Magazine article Geographical

Charlotte Uhlenbroek: Q & A: Having Worked with Jane Goodall and Her Chimpanzees in Tanzania, Zoologist Charlotte Uhlenbroek Then Rose Swiftly through the Ranks at the BBC's Natural History Unit. Christian Amodeo Talks to Her about Her Life, and Her Latest Project, Talking to Animals, Which Is Set to Make Her a Household Name. (in Conversation)

Magazine article Geographical

Charlotte Uhlenbroek: Q & A: Having Worked with Jane Goodall and Her Chimpanzees in Tanzania, Zoologist Charlotte Uhlenbroek Then Rose Swiftly through the Ranks at the BBC's Natural History Unit. Christian Amodeo Talks to Her about Her Life, and Her Latest Project, Talking to Animals, Which Is Set to Make Her a Household Name. (in Conversation)

Article excerpt

When did you first travel overseas?

I was born in London but taken to Ghana when I was just ten days old, as my father worked for a branch of the UN. When I was five years old we moved back to the UK briefly before going to Nepal.

What kind of schooling did you receive?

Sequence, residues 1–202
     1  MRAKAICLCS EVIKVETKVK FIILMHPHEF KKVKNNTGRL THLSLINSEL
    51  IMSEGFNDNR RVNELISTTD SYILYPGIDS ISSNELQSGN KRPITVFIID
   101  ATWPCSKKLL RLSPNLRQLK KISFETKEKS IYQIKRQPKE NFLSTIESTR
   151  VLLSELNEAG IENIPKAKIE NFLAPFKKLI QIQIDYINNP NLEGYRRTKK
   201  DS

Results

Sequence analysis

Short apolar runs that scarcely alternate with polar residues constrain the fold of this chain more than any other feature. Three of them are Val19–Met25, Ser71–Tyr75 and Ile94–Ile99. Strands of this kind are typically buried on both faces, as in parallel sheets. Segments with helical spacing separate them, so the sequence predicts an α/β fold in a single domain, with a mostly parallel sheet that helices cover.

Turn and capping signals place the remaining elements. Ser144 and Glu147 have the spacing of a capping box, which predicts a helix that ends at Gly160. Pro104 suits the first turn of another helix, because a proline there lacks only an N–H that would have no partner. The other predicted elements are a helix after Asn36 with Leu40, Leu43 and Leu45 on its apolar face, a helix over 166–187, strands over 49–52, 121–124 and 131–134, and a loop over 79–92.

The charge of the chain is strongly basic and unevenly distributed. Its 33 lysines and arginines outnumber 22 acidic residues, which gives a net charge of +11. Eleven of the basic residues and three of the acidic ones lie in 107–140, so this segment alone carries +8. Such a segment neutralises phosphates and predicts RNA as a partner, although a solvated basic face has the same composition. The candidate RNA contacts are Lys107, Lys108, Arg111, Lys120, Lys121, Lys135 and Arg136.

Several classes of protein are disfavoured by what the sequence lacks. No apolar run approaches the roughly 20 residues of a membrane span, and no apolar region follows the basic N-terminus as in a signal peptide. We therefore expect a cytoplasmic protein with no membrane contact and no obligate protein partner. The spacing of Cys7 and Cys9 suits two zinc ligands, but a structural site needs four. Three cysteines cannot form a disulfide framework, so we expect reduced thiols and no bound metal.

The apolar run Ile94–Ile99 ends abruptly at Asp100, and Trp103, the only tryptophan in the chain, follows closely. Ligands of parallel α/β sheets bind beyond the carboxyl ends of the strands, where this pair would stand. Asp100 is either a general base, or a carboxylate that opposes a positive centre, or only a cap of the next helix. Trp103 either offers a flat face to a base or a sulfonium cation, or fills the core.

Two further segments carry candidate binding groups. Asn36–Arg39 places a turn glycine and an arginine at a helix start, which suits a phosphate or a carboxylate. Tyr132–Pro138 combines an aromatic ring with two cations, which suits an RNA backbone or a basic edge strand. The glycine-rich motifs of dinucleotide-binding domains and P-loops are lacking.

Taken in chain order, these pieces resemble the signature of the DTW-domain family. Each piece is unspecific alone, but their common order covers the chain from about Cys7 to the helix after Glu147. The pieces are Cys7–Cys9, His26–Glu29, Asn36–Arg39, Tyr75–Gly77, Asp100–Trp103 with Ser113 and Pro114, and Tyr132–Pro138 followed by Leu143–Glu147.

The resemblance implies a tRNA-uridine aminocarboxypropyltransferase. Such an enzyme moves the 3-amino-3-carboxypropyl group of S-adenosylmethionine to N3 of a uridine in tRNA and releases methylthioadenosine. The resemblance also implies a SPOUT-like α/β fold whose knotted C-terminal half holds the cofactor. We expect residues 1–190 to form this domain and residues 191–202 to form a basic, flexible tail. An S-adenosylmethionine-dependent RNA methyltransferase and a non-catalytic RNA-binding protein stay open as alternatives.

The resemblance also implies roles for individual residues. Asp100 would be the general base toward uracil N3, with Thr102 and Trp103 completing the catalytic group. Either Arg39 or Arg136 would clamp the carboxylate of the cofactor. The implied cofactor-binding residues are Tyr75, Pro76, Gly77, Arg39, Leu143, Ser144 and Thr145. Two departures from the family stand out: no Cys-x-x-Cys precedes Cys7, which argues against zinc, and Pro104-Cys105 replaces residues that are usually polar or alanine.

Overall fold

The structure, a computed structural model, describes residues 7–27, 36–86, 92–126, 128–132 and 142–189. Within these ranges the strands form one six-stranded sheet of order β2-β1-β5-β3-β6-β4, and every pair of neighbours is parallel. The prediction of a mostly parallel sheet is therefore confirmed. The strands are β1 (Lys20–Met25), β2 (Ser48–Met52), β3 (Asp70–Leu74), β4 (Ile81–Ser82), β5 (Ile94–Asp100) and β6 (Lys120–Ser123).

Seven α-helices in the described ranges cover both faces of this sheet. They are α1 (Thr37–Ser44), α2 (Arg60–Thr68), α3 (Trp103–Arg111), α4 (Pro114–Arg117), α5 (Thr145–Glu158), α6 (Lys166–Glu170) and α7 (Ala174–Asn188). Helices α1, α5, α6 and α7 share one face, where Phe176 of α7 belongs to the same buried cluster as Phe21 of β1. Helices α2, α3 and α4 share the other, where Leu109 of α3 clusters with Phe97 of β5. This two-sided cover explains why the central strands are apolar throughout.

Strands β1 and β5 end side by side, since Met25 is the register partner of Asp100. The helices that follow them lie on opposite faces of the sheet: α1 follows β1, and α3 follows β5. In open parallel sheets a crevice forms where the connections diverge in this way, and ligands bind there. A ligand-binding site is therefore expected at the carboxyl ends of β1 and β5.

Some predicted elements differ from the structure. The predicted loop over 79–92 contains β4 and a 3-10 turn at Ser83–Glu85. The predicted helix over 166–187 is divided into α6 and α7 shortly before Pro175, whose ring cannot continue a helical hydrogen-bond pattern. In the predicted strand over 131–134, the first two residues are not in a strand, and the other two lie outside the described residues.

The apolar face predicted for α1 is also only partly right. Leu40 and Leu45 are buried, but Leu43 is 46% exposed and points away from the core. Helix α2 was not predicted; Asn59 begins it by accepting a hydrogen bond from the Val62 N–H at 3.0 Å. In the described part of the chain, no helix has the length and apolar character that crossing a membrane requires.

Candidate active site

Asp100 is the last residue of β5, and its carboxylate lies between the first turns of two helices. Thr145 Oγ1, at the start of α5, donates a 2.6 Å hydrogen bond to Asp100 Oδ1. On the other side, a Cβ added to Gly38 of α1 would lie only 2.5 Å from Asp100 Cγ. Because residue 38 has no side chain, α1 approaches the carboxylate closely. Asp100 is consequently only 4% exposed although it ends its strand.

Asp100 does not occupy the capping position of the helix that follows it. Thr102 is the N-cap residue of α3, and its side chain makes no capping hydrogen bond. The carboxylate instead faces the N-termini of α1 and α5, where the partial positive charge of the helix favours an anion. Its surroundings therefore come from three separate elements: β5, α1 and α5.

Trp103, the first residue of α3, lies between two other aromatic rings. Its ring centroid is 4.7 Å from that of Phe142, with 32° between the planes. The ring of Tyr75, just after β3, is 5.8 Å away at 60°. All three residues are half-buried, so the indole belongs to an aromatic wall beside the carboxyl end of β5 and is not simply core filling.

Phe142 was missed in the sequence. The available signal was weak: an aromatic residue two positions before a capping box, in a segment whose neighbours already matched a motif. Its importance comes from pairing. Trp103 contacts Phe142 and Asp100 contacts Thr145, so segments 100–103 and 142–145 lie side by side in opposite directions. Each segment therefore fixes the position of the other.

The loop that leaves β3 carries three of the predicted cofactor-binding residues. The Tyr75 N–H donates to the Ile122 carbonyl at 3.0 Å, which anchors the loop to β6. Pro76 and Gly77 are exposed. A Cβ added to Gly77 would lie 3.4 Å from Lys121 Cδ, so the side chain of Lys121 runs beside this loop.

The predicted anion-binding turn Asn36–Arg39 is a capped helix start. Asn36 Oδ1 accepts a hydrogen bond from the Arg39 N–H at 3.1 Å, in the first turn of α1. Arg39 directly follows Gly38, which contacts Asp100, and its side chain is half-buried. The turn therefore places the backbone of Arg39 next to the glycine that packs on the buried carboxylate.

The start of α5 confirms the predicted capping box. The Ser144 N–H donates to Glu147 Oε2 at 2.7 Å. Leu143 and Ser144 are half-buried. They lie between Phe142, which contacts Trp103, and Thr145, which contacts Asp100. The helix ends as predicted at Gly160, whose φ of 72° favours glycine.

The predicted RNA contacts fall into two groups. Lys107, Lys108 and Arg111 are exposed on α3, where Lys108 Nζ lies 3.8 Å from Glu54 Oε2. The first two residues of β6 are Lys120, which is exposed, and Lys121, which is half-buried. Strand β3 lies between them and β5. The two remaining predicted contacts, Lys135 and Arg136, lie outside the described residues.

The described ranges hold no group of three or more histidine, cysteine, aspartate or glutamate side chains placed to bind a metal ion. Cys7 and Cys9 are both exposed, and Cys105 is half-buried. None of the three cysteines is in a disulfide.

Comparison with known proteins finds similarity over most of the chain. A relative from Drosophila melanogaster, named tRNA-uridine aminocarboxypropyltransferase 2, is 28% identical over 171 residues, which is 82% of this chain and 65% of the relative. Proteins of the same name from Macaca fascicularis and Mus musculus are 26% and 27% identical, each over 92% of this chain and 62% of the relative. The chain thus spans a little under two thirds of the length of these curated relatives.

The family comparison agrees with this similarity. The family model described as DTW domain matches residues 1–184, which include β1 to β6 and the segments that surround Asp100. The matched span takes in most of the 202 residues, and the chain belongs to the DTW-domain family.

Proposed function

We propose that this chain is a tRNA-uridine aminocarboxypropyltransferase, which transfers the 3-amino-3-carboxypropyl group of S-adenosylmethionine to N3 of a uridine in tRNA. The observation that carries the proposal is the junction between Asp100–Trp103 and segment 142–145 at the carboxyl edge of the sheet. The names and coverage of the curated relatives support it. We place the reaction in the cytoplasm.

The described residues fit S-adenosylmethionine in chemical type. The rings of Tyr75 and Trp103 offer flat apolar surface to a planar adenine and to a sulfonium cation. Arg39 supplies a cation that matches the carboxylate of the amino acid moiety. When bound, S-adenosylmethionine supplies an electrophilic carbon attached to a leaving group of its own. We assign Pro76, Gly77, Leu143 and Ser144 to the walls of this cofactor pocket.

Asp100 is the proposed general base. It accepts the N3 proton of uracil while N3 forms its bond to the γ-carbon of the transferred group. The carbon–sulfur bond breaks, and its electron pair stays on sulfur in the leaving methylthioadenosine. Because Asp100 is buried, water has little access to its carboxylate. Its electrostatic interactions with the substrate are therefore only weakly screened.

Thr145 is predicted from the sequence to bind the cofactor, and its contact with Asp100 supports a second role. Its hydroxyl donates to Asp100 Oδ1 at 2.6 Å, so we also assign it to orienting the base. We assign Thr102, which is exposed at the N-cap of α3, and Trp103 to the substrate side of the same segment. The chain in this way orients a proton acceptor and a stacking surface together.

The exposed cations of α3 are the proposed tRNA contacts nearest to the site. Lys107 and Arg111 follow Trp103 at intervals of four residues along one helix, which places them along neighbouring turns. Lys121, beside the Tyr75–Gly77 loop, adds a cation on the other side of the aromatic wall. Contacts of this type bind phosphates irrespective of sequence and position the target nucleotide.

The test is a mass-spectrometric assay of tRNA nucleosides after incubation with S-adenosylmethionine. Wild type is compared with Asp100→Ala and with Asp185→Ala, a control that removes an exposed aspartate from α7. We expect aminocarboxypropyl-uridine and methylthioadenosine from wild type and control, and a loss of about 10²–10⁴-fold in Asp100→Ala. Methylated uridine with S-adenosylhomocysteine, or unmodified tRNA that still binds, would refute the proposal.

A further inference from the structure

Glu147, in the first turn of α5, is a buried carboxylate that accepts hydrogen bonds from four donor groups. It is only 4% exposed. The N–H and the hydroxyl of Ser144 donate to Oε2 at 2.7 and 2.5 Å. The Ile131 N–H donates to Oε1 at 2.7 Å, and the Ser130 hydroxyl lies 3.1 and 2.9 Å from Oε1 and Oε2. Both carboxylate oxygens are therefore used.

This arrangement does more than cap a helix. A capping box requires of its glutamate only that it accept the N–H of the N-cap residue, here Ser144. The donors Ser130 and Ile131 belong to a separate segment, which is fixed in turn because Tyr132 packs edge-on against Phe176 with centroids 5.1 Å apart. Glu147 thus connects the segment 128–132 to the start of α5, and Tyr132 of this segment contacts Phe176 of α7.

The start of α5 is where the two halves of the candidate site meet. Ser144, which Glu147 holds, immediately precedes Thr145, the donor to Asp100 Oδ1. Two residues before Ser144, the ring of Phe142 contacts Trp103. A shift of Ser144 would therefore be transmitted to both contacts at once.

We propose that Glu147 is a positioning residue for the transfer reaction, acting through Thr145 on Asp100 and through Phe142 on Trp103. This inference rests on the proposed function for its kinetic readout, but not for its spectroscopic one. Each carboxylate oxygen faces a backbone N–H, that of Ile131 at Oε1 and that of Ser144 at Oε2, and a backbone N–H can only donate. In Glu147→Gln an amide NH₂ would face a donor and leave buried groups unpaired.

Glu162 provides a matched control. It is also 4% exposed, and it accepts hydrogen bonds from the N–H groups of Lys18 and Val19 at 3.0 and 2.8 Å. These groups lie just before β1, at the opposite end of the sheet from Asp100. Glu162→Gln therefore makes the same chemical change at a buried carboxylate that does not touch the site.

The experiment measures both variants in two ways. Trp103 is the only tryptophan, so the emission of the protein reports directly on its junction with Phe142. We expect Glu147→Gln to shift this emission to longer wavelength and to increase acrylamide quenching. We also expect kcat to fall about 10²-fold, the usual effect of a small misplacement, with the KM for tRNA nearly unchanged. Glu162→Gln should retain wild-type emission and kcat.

In Kathmandu I went to an American school, and at the age of 12 was sent to boarding school in Yorkshire. I was always eager to get back to Kathmandu in the holidays, though I did love the moors. I ran away once but I was retrieved quite quickly.

Was it always your ambition to become a TV presenter?

Not exactly, no. I studied zoology and psychology at Bristol University. After graduating, I worked briefly at the BBC Natural History Unit as a researcher, until I heard through a mutual friend that Jane Goodall was looking for someone to conduct research. We were in a bar at the time and I left my pint on the table and called her straight away.

What kind of work did you do with Jane Goodall?

I spent ten months in Burundi on a conservation project. The chimps have very little forest cover due to logging. I then moved to Gombe National Park, Tanzania, to work with habituating chimpanzees. I did research for my zoology PhD while I was there, studying the animals' communication methods.

How did you make the jump to television?

I worked as a scientific advisor for several film crews while I was in Africa, and appeared in Jonathan Scott's programme about Gombe. I came back to Britain to write up my research and the BBC contacted me about filming Chimpanzee Diary in Gombe. Being a skint student I jumped at the chance. I'd never presented a TV programme before but it was easy for me in that I was talking about chimps that I knew personally, so talking to the camera was like showing a friend around. I'm sure that people don't mind slightly ropey presenting so long as the presenter knows what they're talking about. …

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